Huisman Equipment, world leader in pipe lay equipment and Heavy Lift Mast Cranes is expanding and is searching creative technical Talent
Years in the planning and now becoming a reality, the world’s first FLNG facility is under construction. Meet the team working on Prelude FLNG as they take you behind the scenes at this mega project.
The Gumusut-Kakap project includes the joint development of two ultra deep water discoveries – Gumusut and Kakap.
The fields are located within Blocks J and K, about 120km offshore from Sabah, Malaysia. Water depth is in the region is 1,200m (3,937ft).
Sabah Shell was the operator of Gumusut and Murphy Oil, the operator of the Kakap field. Development of the two fields was combined under an unitisation agreement signed by the partners in 2006.
As seen last week the Chinese flagged semi submersible heavy lift vessel XIA ZHI YUAN 6 loaded first the JASCON 55 , which was followed by the AHTS JASCON 57 and later by the 2 loaded, with containers, flat-top barges JASCON 60 and JASCON 61, upon completion of deballasting the sefastening started prior the departure to Malabo where the cargo will be discharged
China’s COSCO (Zhoushan) Shipyard Co., Ltd. (left) has won a contract worth over $23 million from a Malaysian shipowner covering construction of a float over launch barge.
The float over launch barge will measure 10.00 meters high, 38/46 meters wide, 160 meters long and will be capable of transporting and performing float over operations of offshore topside modules structures weighing up to 14,500 tons. It will also be capable of launching jackets up to 20,000 tons. Delivery of the float over launch barge to the shipowner is expected to take place in the last quarter of 2013. Source : MarineLog SOURCE:DMNC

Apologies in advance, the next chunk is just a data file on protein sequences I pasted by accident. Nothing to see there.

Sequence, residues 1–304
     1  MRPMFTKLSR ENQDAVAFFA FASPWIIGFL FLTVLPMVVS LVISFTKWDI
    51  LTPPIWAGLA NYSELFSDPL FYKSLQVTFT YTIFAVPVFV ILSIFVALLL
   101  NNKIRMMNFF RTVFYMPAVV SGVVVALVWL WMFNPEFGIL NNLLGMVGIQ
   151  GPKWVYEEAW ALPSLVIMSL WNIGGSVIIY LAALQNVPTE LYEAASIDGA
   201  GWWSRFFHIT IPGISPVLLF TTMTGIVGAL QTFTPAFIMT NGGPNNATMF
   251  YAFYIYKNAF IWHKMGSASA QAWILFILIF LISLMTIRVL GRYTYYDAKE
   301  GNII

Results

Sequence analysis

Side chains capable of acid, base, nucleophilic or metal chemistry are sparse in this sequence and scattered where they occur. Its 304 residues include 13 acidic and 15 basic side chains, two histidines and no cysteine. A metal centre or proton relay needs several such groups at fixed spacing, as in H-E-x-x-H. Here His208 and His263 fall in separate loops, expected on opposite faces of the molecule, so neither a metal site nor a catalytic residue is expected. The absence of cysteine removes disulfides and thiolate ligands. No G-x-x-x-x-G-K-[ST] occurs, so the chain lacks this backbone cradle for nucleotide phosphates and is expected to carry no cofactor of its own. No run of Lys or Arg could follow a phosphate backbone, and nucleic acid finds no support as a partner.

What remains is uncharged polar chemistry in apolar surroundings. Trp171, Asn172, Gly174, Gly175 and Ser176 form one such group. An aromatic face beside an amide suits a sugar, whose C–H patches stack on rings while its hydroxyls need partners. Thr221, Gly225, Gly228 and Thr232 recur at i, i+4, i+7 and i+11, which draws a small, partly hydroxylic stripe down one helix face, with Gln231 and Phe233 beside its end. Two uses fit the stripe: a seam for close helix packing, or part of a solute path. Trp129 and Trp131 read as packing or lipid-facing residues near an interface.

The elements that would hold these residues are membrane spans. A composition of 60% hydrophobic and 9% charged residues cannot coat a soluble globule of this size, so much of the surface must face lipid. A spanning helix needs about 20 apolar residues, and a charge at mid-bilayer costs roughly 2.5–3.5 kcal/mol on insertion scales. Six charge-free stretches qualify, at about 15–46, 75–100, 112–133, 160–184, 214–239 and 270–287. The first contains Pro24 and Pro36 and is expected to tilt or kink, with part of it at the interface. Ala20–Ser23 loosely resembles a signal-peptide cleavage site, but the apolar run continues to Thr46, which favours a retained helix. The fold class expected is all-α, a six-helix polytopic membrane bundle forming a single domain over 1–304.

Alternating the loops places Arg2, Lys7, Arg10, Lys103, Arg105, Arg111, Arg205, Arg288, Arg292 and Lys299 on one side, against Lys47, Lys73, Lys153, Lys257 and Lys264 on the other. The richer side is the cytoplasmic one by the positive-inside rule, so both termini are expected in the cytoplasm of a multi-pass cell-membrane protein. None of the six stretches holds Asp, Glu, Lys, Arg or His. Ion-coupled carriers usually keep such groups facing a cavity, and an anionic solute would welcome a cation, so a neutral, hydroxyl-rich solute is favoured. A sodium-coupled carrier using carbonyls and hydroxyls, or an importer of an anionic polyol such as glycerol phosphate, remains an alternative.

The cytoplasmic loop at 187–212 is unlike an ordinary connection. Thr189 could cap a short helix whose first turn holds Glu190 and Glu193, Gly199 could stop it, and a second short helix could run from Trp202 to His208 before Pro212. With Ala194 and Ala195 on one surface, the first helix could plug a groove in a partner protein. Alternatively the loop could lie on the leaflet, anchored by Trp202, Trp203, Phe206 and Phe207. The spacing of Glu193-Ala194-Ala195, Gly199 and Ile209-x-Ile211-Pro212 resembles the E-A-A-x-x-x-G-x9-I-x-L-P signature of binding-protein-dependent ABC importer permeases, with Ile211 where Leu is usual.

Chinese shipbuilding experience is playing a key role in the construction of the world’s biggest container ships, the first of which, the Maersk Mc-Kinney Moller, is due to start sea trials on May 27.
Twenty of the ships, which can each carry 18,270 20-foot containers and at 399.25 metres long are nearly the length of four soccer pitches, are being built for Maersk Line by South Korea’s Daewoo Shipbuilding & Marine Engineering.
Maersk awarded Daewoo two contractsin 2011 totalling US$3.8 billion for the Triple-E ships, named for their economies of scale, energy efficiency and environmental improvements.
Peter Bertelsen, lead hull superintendent at Maersk Maritime Technology, said a lack of capacity at Daewoo and its South Korea subcontractors meant 40 per cent of the steel used in each ship is fabricated into massive hull sections in China.